Mayor of Slave Lake
On Friday, April 29, our region hosted EMX 17. This is an emergency exercise that involves hundreds of people over multiple agencies. The question came up over the weekend, why we spend time and money doing this? As a result I thought it would be a good topic to cover.
We have a regional fire service that covers over 10,000 sq. KM. We have five halls, over a hundred volunteers and lots of equipment. Our regional fire service responds to over 300 calls per year and these range from motor vehicle accidents, house fires, grass and forest fires, flooding, ATV accidents, missing people, water rescue, a guy stuck in a crane at one of the mills, plane crash and even cat in a tree.
What is evident is we have a very dedicated group of volunteers responding to a diverse set of circumstances. Most of these incidents involve multiple agencies. The fire department is one piece and often ambulance and RCMP are also involved. It is easy to forget other agencies though, including Forestry, Fish and Wildlife, schools, our Town and MD Staff, Sawridge First Nation, our regional bylaw officers, Search and Rescue, utility companies and the list continues. In the event of an emergency how well these groups work together and communicate with each other can be the difference between success and failure.
In the past several years we have had some major incidents in our area. From forest fires that threatened our communities, to forest fires that came into our communities, flooding, train derailments, search and rescue and even a period where we had no 911 coverage when Telus hit one of their own cables. In order to deal with these situations we have to have a plan.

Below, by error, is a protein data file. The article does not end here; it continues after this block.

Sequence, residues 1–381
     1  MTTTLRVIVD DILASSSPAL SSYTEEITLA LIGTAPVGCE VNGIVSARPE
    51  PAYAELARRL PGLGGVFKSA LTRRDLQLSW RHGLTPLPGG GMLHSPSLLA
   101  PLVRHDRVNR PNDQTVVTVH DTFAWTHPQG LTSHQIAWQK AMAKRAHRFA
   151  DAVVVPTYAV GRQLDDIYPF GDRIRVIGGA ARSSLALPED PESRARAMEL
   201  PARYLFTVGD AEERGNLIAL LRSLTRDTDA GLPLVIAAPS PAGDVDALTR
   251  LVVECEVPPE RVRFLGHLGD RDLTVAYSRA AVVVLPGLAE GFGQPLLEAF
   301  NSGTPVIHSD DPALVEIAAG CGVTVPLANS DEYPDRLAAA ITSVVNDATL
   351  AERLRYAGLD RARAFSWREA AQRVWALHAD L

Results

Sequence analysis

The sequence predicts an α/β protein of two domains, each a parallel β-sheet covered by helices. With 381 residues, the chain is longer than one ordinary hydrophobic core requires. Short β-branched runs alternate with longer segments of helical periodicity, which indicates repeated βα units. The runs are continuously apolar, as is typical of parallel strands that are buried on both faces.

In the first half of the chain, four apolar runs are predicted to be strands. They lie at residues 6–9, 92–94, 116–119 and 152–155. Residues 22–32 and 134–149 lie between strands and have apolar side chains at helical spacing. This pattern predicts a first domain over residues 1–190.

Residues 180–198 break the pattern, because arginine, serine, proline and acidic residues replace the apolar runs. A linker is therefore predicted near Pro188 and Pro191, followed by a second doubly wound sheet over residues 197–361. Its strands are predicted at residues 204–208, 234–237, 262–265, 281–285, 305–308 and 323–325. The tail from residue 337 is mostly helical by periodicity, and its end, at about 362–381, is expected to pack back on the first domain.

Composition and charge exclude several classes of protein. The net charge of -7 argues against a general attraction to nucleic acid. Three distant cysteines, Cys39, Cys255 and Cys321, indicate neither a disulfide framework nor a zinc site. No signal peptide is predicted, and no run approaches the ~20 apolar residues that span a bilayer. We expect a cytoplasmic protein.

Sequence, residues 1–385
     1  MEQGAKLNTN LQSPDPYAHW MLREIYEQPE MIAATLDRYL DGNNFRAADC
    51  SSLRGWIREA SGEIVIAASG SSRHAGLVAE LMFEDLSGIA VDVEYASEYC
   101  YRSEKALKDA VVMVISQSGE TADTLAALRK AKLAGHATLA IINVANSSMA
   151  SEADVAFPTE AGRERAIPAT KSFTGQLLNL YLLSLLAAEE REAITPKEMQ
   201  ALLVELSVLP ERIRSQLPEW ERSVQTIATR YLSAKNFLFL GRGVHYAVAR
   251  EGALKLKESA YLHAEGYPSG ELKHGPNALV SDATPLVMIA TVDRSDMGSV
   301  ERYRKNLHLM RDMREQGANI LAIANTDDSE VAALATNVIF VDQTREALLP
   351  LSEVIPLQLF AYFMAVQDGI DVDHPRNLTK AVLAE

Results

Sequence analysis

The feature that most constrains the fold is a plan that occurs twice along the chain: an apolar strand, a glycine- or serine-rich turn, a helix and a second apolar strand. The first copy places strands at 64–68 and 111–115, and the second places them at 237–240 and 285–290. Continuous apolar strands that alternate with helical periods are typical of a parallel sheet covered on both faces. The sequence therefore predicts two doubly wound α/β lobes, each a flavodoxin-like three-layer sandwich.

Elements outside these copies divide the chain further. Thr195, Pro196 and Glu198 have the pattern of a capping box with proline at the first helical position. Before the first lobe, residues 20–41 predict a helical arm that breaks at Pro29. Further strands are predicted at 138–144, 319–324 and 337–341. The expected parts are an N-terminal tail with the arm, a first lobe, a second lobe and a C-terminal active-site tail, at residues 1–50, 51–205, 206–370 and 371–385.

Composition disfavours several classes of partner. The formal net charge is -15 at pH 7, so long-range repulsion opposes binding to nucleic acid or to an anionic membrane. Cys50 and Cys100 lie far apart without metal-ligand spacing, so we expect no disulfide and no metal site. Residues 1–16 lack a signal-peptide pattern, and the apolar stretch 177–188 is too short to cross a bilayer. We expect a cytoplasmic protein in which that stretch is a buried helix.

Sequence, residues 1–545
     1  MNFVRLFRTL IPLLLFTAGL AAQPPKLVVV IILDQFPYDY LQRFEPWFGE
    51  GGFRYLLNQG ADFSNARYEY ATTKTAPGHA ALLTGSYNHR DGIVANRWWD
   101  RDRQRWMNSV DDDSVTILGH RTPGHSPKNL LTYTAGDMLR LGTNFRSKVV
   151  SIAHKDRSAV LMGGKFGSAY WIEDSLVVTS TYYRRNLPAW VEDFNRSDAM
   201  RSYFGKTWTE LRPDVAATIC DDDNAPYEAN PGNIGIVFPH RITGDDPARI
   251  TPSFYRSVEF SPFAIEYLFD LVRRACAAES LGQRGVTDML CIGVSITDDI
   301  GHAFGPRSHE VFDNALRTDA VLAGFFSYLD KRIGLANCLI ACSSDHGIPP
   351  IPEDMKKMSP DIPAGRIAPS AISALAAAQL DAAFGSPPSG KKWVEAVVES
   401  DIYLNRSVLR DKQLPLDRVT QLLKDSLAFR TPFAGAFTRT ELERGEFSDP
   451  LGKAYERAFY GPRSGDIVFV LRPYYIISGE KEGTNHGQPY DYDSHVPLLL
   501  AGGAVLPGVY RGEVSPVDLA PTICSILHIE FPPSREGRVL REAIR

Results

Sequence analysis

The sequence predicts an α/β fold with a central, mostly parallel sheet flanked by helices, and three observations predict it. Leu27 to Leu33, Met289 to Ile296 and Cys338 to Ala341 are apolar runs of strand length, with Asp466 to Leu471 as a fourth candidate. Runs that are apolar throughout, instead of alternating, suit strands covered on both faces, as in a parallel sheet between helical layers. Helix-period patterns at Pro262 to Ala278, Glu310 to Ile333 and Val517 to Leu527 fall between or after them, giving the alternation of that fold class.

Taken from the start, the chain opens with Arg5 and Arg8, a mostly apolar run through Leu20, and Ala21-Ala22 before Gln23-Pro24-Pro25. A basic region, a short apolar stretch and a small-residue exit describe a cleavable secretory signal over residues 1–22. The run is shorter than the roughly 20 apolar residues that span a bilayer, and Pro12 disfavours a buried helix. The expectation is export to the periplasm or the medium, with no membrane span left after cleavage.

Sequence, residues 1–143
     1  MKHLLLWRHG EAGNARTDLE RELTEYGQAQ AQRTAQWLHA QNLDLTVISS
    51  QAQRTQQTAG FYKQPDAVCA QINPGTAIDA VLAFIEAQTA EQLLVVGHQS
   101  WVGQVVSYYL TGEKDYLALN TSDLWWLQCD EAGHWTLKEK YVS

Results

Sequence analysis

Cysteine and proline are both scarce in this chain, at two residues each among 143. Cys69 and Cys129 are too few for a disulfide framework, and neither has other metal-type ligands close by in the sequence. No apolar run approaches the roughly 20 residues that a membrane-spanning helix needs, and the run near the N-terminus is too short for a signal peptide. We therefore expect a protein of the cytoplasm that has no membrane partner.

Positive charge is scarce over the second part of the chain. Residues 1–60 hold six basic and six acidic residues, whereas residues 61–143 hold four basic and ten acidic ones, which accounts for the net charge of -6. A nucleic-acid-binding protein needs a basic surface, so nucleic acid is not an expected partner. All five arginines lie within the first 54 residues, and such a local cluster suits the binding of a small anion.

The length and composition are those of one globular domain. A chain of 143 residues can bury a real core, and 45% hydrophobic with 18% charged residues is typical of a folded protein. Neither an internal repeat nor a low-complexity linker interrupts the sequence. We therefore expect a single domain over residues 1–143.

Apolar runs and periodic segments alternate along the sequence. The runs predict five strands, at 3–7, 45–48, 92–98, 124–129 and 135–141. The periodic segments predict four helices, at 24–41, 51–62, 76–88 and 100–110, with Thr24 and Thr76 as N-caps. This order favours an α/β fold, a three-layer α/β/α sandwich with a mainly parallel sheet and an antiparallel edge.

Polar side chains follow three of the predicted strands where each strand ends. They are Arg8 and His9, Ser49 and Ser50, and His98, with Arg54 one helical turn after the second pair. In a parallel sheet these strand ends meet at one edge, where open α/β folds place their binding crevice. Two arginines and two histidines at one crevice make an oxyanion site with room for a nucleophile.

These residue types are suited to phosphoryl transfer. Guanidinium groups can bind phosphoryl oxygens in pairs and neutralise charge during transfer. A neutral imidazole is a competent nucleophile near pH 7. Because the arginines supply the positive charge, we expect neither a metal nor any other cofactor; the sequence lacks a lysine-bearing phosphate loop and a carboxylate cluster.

Luckily before the fire in 2011 we had a plan, and after that incident we have spent time and money working on that plan to refine it and make it better. Annually we pull out that plan and do a table top exercise where all the agencies involved go through a scenario and discuss strategies to deal with that scenario. Every few years we act out that scenario to see how what we have learned on paper works in real life.
This training helps us to understand what works well in our system and what needs to be changed. It highlights gaps in the system and it creates ideas and innovation. This past weekend we hosted one of those events. At the same time , the association “Alberta Search and Rescue” brought over 200 people from throughout Alberta to learn and practice in our community.
Obviously there is tremendous economic benefit to having 200 people come stay in our hotels, buy goods in our stores and see what our community has to offer. It’s also a great opportunity to showcase our region, which is a leader in emergency preparedness. This weekend we had provincial leaders who deal with emergency management watching and analyzing what we are doing. They offered advice, expertise and were impressed with the system and set-up we have in the region.
Is there a cost? Obviously yes. Training always has a cost. The cheapest thing is to do nothing, but sending people out to help you in your time of need who are not trained doesn’t seem like good business sense either. It is important to note that we did leverage grants for this past weekend to offset some of those costs.
As we roll into fire season and the snow is finally gone (fingers crossed), there is no doubt our people will be on high alert. Luckily we have invested in communication upgrades, emergency siren, back-up generation, facility upgrades, training, and technology to make us better prepared to deal with emergencies that come up. We have a plan, we have trained on that plan and we have practiced that plan.
By no means am I saying we have nothing to worry about, nor am I saying nothing bad will ever happen. What I am saying is that when things do go sideways I have faith in the many people who live in and protect this region and the agencies they work for. My hope is that you do too!